But in addition to hurdles like a lack of charging infrastructure, DASH faces the budgetary challenge of how to pay for the expensive new electric buses.
Deputy Director of Transportation Hillary Orr spoke to the Transportation Commission last week about the budget challenges facing DASH.
The city has applied for a federal grant to help convert 10 of the city’s aging buses to electric, but Orr said if the city doesn’t get that grant, the city will have to buy diesel buses rather than electric.
“If not matched, we would buy clean diesel buses because we need to replace these buses,” Orr said.
One Commissioner suggested the city could pay more for electric buses, but Orr said even using what money was set aside for DASH improvements to buy electric buses instead of diesel buses would leave the city with several buses past their expected replacement date.
“We could pay more, but then we’d have a bunch of buses that are expired because we don’t have enough with $4.8 million to replace all the clean diesels we need to replace,” Orr said. “We have 10 buses expiring… We’re doing our best to cobble together what we can and then we’ll see what we get. Whatever’s remaining, we’ll buy what we can.”
Even if Alexandria does buy more diesel buses, Orr said the city will still be on track for its goal to have a fully electric bus fleet by 2037.
“If we bought clean diesel buses, we would still be on track with our goal for 2037 having a full fleet,” Orr said. “It’s not until fiscal year 2025 that we need to start buying all-electric.”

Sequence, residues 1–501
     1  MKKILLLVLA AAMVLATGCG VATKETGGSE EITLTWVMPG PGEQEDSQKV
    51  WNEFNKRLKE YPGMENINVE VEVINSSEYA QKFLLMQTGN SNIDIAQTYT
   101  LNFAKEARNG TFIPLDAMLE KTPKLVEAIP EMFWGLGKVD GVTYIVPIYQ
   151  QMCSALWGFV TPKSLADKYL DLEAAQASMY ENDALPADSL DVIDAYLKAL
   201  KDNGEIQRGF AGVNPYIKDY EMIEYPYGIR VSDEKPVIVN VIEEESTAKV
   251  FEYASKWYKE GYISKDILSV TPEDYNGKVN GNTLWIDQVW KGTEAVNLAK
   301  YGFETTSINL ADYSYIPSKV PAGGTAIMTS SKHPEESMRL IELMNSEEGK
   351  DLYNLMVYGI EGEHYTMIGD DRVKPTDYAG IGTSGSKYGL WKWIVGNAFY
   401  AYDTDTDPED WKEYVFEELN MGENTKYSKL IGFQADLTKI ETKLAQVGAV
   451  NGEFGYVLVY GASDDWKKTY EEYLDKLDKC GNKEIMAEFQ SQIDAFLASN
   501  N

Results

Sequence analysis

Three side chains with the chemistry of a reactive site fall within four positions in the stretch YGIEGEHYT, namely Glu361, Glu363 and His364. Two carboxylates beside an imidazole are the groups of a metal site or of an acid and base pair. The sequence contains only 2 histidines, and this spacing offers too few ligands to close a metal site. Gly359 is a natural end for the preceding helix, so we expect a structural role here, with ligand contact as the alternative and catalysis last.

Some on the Transportation Commission said they still hope DASH can accelerate the bus fleet electrification. According to Commissioner Jim Maslank:
I’d like to make a motion that we consider in our letter to the council that they consider additional funds as a contingency if we don’t get the money. It’s an opportunity: the whole world is going electric. 2037 is a long way away. It would be a budgetary tradeoff, but I think this committee — I personally feel we should accelerate that change, but it is going to cost the city more money. There will be tradeoffs, but that’s how I feel.
“[There’s a] 18% increase in DASH funding from [fiscal year] 2023 to meet increased operating costs and decreased TRIP grant funding,” Orr said. “We get less and less each year. The TRIP grant was a grant we received when DASH went fare-free, with a little over $7 million over a four-year period. In the fourth year, DASH has to commit to being fare-free without any commitment from the state.”
“It’s like baby steps,” a Transportation Commission member said.
“Baby steps down to zero,” Orr replied less enthusiastically.
The FY 2024 budget is scheduled for adoption on May 3.